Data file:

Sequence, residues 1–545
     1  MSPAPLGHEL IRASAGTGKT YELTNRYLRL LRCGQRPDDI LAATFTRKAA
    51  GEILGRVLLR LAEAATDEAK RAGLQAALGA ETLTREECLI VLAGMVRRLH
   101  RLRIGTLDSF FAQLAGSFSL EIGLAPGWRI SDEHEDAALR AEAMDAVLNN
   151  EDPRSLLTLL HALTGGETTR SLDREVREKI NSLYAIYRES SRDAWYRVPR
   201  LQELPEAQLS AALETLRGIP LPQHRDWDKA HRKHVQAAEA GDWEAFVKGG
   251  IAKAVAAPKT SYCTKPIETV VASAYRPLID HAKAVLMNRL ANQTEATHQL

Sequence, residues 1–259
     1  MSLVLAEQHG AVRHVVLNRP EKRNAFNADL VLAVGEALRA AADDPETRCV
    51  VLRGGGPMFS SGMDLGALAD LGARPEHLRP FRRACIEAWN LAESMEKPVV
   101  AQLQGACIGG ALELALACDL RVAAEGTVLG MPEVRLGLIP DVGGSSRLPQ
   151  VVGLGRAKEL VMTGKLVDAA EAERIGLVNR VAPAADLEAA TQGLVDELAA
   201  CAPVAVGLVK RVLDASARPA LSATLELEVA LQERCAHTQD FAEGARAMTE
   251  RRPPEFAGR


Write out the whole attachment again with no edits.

Sequence, residues 1–545
     1  MSPAPLGHEL IRASAGTGKT YELTNRYLRL LRCGQRPDDI LAATFTRKAA
    51  GEILGRVLLR LAEAATDEAK RAGLQAALGA ETLTREECLI VLAGMVRRLH
   101  RLRIGTLDSF FAQLAGSFSL EIGLAPGWRI SDEHEDAALR AEAMDAVLNN
   151  EDPRSLLTLL HALTGGETTR SLDREVREKI NSLYAIYRES SRDAWYRVPR
   201  LQELPEAQLS AALETLRGIP LPQHRDWDKA HRKHVQAAEA GDWEAFVKGG
   251  IAKAVAAPKT SYCTKPIETV VASAYRPLID HAKAVLMNRL ANQTEATHQL

Sequence, residues 1–259
     1  MSLVLAEQHG AVRHVVLNRP EKRNAFNADL VLAVGEALRA AADDPETRCV
    51  VLRGGGPMFS SGMDLGALAD LGARPEHLRP FRRACIEAWN LAESMEKPVV
   101  AQLQGACIGG ALELALACDL RVAAEGTVLG MPEVRLGLIP DVGGSSRLPQ
   151  VVGLGRAKEL VMTGKLVDAA EAERIGLVNR VAPAADLEAA TQGLVDELAA
   201  CAPVAVGLVK RVLDASARPA LSATLELEVA LQERCAHTQD FAEGARAMTE
   251  RRPPEFAGR